• “That lady was really nice to let that man out onto the highway.” Pointing out something nice done for someone else.
  • Wave to the person who let you out and say “Thank You” out loud, even though the driver can’t hear you.
  • Tell stories about times that people have done nice things for you throughout your day.
  • Point out nice things that people do for you or others like holding the door  or letting you ahead in line.
  • Thank people for doing their jobs.

2. Turn complaints into gratitudes.  When your child complains about something, see if you can get them to also say something good.  For example if he says, “I don’t like Grammy’s house because it’s boring.” You could ask about how she buys him special food he likes and other special things she does for him.  Don’t let this turn into a battle, though.  If the child makes one complaint, you can tell one positive thing and then move on to something else.

3. Practice gratitude when they’re happy.  Sometimes kids get stuck in the habit of only saying negative things.  You can lead them to positive things by asking open ended (not yes/no) questions:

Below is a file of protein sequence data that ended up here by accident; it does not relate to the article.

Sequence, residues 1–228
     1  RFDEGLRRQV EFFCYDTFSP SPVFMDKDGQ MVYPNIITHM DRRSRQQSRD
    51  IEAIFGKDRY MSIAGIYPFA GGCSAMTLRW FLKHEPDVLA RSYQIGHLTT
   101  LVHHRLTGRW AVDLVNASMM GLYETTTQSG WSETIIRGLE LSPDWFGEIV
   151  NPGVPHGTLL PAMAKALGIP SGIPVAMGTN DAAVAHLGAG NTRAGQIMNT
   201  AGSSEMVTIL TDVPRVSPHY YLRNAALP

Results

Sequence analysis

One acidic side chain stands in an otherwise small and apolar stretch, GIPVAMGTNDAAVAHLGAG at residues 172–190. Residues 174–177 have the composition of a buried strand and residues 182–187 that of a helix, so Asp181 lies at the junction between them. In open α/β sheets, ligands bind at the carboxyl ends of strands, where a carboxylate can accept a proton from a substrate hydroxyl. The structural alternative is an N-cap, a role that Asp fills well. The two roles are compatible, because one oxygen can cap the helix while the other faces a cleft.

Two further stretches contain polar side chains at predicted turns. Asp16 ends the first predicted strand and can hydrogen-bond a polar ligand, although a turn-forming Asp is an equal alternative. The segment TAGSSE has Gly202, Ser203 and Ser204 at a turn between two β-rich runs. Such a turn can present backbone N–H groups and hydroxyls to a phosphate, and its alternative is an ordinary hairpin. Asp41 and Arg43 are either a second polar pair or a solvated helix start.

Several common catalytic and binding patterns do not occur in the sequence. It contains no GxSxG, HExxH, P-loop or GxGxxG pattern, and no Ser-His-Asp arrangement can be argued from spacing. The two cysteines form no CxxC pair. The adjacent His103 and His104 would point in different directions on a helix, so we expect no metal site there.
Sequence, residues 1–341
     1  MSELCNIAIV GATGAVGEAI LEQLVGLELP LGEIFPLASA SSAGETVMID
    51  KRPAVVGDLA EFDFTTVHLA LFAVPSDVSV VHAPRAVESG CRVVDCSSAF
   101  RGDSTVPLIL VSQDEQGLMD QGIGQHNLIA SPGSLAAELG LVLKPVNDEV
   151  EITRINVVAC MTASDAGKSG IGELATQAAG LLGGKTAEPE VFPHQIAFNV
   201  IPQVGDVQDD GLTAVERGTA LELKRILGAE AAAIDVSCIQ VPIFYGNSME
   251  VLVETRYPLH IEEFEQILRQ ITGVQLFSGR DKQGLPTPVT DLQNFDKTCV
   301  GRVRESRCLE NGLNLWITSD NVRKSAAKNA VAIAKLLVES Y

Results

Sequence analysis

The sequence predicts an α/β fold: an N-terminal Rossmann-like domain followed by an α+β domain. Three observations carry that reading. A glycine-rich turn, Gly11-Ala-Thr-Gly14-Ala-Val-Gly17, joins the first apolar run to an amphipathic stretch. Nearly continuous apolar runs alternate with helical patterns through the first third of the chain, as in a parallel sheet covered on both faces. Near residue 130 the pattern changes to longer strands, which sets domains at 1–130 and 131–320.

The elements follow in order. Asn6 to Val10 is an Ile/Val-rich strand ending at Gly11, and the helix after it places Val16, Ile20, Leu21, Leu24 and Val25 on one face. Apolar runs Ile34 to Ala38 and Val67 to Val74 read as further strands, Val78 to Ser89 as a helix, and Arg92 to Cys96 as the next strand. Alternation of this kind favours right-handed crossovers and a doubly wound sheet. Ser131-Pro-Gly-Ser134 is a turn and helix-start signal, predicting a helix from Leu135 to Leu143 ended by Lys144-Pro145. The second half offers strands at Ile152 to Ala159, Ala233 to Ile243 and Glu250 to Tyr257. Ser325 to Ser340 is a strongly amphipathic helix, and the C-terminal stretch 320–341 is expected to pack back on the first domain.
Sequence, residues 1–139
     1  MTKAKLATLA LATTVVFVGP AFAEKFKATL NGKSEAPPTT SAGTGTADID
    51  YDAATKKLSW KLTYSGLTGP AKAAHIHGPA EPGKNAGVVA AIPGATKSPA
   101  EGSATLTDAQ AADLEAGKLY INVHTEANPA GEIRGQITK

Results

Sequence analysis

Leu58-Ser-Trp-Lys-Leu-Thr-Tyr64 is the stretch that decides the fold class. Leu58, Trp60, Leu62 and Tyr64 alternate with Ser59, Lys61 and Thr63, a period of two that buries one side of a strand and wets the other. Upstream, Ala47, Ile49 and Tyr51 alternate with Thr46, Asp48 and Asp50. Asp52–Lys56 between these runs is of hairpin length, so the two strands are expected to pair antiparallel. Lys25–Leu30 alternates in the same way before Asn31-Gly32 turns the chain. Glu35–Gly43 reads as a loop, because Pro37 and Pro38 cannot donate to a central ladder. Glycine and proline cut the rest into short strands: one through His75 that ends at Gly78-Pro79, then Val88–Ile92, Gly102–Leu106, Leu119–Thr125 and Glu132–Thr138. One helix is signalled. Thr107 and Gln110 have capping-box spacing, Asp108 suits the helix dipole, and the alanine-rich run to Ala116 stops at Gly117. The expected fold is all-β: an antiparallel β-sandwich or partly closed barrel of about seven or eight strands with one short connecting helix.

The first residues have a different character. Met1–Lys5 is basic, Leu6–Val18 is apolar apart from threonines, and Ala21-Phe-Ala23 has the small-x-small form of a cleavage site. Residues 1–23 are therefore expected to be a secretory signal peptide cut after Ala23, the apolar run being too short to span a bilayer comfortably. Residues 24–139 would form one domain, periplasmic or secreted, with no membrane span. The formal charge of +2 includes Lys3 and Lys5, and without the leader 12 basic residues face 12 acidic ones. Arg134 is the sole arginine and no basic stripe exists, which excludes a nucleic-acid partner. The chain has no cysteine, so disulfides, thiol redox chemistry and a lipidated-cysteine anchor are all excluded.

• What was your favorite part of the activity?
  • What nice things did you see people doing?
  • What positive thing will you remember about today?
If you have multiple children, start with the one who is most likely to give you a positive answer or ask your spouse the question first and then go around and have everyone answer.

3.  Start a Gratitude Journal with Your Child

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My gratitude journal changed my life!  I can look back and clearly see that when I started keeping a gratitude journal, my thought patterns changed.  Not only is this good for anxiety, it works for depression as well!
When my daughter C started showing signs of anxiety a couple of years ago, I started one with her and she has told me how much it has helped her.  She has kept her journal largely on her own.  I helped C set it up and gave her some helpful hints, but she does it on her own now.